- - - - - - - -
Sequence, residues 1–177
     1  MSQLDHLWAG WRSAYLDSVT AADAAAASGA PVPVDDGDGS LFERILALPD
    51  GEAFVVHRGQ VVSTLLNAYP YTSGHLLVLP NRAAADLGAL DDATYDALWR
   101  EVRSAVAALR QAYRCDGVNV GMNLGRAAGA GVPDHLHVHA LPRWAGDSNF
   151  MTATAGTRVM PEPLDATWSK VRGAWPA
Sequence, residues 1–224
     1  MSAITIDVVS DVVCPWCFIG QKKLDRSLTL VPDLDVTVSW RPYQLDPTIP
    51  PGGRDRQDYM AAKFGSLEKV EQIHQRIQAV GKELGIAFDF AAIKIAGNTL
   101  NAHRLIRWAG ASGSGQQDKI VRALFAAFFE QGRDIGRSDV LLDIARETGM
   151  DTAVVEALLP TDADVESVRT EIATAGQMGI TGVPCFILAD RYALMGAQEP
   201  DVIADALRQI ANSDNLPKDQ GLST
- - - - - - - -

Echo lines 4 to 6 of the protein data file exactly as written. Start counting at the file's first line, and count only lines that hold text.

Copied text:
   101  EVRSAVAALR QAYRCDGVNV GMNLGRAAGA GVPDHLHVHA LPRWAGDSNF
   151  MTATAGTRVM PEPLDATWSK VRGAWPA
Sequence, residues 1–224